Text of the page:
Longhorn tick, which can cause disease in cattle in northern Missouri

A species of tick known to cause severe weight loss in cattle has been discovered in northern Missouri, according to researchers at the The University of Missouri reported this week.

According to a university press release, the longhorn tick was found in southern Missouri last year. But Rosalie Ierardi, an anatomical pathologist at the MU College of Veterinary Medicine, spotted two of the ticks in Linn County, near the Iowa border.

Longhorn ticks can reproduce more easily than other tick species because females can lay eggs without males.

“Studying the prevalence of invasive ticks in different geographic regions can help veterinarians and farmers take proactive, preventive steps that can ultimately protect livestock health, with huge economic implications,” Ierardi said.

The university says the threat to people, cattle and pets in Missouri remains low, but the species has been known to cost millions of dollars in lost farm revenue around the world. A tick infestation can lead to outbreaks of bovine heleriosis, which kills red blood cells in cows.

According to the university, there are no confirmed cases of bovine atherosclerosis in Missouri.

Ram Raghavan, a professor at the MU College of Veterinary Medicine and MU School of Health Professions, has studied and predicted the spread of different types of ticks predict the regions where the goat tick would establish itself in 2019. The tick was first detected in the United States in 2017.

Raghavan warned that the effects of climate change could lead to a sustained increase in tick infestations.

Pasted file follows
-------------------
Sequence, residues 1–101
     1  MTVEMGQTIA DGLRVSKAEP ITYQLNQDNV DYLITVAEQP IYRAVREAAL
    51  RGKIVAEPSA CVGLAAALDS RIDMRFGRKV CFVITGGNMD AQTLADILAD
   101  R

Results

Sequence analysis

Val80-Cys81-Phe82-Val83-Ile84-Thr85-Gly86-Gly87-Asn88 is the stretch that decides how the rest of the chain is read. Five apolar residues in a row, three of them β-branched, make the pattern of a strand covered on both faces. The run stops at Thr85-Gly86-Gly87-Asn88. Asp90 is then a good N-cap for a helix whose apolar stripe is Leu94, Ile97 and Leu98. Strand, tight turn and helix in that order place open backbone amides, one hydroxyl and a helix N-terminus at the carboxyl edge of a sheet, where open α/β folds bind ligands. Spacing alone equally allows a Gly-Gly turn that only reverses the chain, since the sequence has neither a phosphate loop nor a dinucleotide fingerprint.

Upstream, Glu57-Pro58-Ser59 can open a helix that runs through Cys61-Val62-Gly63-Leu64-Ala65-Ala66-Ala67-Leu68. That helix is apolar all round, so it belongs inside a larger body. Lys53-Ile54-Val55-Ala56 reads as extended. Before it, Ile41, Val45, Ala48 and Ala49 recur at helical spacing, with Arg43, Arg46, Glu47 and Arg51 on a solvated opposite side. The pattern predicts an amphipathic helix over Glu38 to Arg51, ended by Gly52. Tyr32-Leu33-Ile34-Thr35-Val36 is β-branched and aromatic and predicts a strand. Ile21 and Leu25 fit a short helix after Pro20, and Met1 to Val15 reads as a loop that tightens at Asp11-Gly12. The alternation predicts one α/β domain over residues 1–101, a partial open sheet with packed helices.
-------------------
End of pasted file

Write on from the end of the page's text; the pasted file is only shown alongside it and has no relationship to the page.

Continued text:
“Warmer temperatures in the Midwest appear to create perfect conditions for ticks and the pathogens they carry to thrive, and this problem could get worse in the future as the planet continues to warm, which is worrying,” Raghavan said. “We must be vigilant and devote resources to preventing these ticks from spreading diseases that are detrimental to the health of cattle, humans and their pets.”

Ranchers whose animals show signs of weakness or jaundice or lose pregnancy should contact their veterinarian and the MU Veterinary Diagnostic Laboratory, Ierardi said.

Ierardi said the symptoms could be mistaken for anaplasmosis, another and common cattle disease, and that ranchers should have their animals tested when in doubt.

“Although these longhorn ticks are known to transmit a number of human pathogens,” Leradi said, “the threat from them at the moment appears to be primarily bovine tehiosis, which affects cattle.”

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https://fox2now.com/news/missouri/longhorned-tick-that-can-cause-illness-to-cattle-found-in-northern-missouri/ Longhorn tick, which can cause disease in cattle in northern Missouri

Sarah Y. Kim

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